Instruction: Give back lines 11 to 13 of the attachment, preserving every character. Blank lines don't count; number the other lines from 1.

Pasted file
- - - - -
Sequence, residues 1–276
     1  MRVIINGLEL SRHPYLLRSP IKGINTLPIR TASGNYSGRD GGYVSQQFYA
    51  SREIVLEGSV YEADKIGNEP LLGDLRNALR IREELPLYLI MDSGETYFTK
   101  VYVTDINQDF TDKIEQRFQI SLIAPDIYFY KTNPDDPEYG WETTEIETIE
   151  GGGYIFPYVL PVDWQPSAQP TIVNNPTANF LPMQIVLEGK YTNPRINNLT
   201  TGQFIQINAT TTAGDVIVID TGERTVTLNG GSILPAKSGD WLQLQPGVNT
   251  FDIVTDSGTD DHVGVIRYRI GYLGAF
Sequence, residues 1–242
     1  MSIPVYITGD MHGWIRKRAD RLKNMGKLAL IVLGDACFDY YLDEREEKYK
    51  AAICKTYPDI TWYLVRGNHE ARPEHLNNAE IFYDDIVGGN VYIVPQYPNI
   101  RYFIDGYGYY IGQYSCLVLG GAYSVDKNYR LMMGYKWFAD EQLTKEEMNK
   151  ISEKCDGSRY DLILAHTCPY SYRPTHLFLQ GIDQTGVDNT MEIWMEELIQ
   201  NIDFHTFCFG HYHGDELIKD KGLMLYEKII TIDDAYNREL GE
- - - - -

   101  RYFIDGYGYY IGQYSCLVLG GAYSVDKNYR LMMGYKWFAD EQLTKEEMNK
   151  ISEKCDGSRY DLILAHTCPY SYRPTHLFLQ GIDQTGVDNT MEIWMEELIQ
   201  NIDFHTFCFG HYHGDELIKD KGLMLYEKII TIDDAYNREL GE